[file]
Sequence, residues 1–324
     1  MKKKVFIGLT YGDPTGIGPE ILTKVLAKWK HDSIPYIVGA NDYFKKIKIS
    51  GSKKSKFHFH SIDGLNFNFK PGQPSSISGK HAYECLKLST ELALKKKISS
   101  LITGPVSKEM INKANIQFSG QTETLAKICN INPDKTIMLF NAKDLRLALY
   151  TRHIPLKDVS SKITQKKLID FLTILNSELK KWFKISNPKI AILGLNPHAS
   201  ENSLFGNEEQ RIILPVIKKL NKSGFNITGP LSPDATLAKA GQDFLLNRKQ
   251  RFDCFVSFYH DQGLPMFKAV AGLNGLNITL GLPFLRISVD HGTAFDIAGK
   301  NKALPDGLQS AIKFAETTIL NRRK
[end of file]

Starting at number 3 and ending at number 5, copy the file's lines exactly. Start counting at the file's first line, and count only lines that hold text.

    51  GSKKSKFHFH SIDGLNFNFK PGQPSSISGK HAYECLKLST ELALKKKISS
   101  LITGPVSKEM INKANIQFSG QTETLAKICN INPDKTIMLF NAKDLRLALY
   151  TRHIPLKDVS SKITQKKLID FLTILNSELK KWFKISNPKI AILGLNPHAS